"The household of faith"

Paul in his letter to the church in Galatia, with an extraordinary insight into the affairs of the early followers of the Master, discusses many problems which confronted them in common with all other Christians of that time. In exhorting them to live in consecration and purity, in brotherly love and self-forgetfulness, he addressed them in these words: "As we have therefore opportunity, let us do good unto all men, especially unto them who are of the household of faith." Who comprised this "household of faith," what constituted them such an household, and why this grand apostle should thus express himself in regard to them are queries which naturally arise with every thoughtful student of the Scriptures.

To "do good unto all men," the standard to which Paul rallies his followers, is obviously in conformity with the teachings of the Master. For in the Sermon on the Mount, Jesus declared unqualifiedly against the holding of enmity against any, even against those who might be termed one's enemies. In his letter, Paul asks the Christian in Galatia to do good to all men, that is, to cherish enmity toward none, and to be especially careful to do good to "the household of faith." Who were they? It seems indisputable that they were the small band who, having caught the glorious light of the Christ, Truth, either from the Nazarene himself or from some of his enlightened disciples, had banded themselves together, both for their own welfare and for the more effective carrying on of the work of propagating Christianity. The tie that bound them into an household of holy faith was their common understanding of the spiritual truth, which Christ Jesus had so effectually proclaimed and demonstrated. The fadeless light of perfect being had shone upon them, and they stood before the world illumined by a radiance known only to themselves, a radiance entirely unrecognized by those too materially-minded to have caught its healing rays. Paul's appeal then was, in substance, for those spiritually inspired people to do good to one another—to live in the spirit of true fellowship, as Christians exemplifying before the world the precious precepts to the propagation of which he was so arduously devoting himself.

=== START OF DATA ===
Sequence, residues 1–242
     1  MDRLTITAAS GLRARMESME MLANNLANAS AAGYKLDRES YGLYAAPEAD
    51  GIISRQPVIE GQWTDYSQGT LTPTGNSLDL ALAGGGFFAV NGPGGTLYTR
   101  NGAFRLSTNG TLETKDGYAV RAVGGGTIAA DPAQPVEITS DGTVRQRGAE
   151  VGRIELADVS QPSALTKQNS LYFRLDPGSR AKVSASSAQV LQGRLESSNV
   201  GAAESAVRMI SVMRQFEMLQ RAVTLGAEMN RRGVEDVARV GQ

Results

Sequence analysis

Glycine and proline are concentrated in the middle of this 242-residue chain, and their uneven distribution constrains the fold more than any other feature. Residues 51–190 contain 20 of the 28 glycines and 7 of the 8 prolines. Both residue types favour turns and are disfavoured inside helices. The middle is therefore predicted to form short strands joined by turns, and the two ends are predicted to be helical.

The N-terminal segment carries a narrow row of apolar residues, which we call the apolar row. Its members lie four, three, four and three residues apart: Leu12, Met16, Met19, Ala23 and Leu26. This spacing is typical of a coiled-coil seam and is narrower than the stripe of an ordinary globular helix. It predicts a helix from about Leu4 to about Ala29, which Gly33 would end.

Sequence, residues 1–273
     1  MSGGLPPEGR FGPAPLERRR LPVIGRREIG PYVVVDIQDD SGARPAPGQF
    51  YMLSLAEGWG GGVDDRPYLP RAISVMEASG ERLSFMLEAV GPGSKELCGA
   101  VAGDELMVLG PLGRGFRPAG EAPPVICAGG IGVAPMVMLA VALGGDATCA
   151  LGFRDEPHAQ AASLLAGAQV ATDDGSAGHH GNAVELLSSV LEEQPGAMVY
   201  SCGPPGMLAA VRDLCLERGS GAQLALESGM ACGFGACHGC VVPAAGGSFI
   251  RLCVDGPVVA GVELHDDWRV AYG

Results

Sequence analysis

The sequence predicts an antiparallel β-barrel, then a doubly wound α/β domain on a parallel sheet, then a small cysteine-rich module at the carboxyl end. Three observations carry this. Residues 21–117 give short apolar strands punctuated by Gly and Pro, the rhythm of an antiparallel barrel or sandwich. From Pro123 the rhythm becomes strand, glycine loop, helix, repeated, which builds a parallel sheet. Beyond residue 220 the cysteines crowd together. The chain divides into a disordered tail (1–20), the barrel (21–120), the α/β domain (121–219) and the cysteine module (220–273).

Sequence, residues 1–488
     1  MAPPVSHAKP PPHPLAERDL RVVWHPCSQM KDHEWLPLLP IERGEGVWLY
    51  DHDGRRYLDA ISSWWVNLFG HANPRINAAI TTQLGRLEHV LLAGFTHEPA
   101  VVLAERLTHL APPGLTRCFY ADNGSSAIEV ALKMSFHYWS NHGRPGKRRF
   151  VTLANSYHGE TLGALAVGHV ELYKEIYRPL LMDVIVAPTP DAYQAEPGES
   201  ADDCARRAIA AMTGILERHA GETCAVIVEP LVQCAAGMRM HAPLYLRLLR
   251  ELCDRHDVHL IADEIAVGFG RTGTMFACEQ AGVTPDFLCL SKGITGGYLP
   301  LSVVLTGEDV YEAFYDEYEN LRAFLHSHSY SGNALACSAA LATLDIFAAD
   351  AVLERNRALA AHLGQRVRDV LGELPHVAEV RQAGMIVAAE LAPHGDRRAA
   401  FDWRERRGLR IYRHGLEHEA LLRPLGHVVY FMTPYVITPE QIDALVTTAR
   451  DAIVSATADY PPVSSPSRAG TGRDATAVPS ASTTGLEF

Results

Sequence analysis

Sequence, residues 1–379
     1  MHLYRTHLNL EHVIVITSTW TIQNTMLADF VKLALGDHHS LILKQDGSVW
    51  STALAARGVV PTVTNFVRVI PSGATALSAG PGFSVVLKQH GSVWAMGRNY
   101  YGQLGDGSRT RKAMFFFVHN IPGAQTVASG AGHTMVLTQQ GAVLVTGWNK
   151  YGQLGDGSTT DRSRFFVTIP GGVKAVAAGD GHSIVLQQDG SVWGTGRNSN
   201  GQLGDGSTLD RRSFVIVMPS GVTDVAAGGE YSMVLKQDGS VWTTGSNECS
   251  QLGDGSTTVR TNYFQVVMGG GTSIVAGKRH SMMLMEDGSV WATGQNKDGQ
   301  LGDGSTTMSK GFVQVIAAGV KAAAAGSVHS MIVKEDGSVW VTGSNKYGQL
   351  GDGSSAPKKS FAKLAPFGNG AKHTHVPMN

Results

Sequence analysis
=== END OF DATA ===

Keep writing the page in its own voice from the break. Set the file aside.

There is in the apostle's message, moreover, a call for all who name the name of Christ to live in Christianly fellowship. Especially should the message reach Christian Scientists; for through the cleansing presence of the Christ they have come into some understanding of God, of the real man as God's image, and of all men as the sons of God, the perfect "household of faith," where only love abides.

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Magnify the Lord
December 29, 1928

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